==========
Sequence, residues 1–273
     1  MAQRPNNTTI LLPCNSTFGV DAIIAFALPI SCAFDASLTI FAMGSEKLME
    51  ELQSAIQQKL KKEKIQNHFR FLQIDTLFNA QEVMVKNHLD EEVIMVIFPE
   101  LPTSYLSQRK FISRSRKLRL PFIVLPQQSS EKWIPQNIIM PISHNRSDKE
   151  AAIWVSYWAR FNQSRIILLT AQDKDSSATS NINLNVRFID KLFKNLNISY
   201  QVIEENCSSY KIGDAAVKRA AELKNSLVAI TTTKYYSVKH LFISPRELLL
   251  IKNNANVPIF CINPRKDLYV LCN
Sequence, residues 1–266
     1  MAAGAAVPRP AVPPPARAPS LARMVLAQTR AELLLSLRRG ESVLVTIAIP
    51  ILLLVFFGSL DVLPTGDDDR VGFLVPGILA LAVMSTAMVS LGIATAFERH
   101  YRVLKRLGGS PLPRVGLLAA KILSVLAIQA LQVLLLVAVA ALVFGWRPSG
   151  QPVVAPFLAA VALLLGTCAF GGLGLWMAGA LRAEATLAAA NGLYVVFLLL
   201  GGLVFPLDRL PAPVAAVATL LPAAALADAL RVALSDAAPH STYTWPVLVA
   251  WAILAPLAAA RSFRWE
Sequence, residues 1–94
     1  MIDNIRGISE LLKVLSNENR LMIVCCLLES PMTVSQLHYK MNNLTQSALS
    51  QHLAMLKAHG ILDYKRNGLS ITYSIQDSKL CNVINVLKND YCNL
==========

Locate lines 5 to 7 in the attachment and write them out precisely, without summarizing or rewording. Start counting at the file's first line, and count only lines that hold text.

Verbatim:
   151  AAIWVSYWAR FNQSRIILLT AQDKDSSATS NINLNVRFID KLFKNLNISY
   201  QVIEENCSSY KIGDAAVKRA AELKNSLVAI TTTKYYSVKH LFISPRELLL
   251  IKNNANVPIF CINPRKDLYV LCN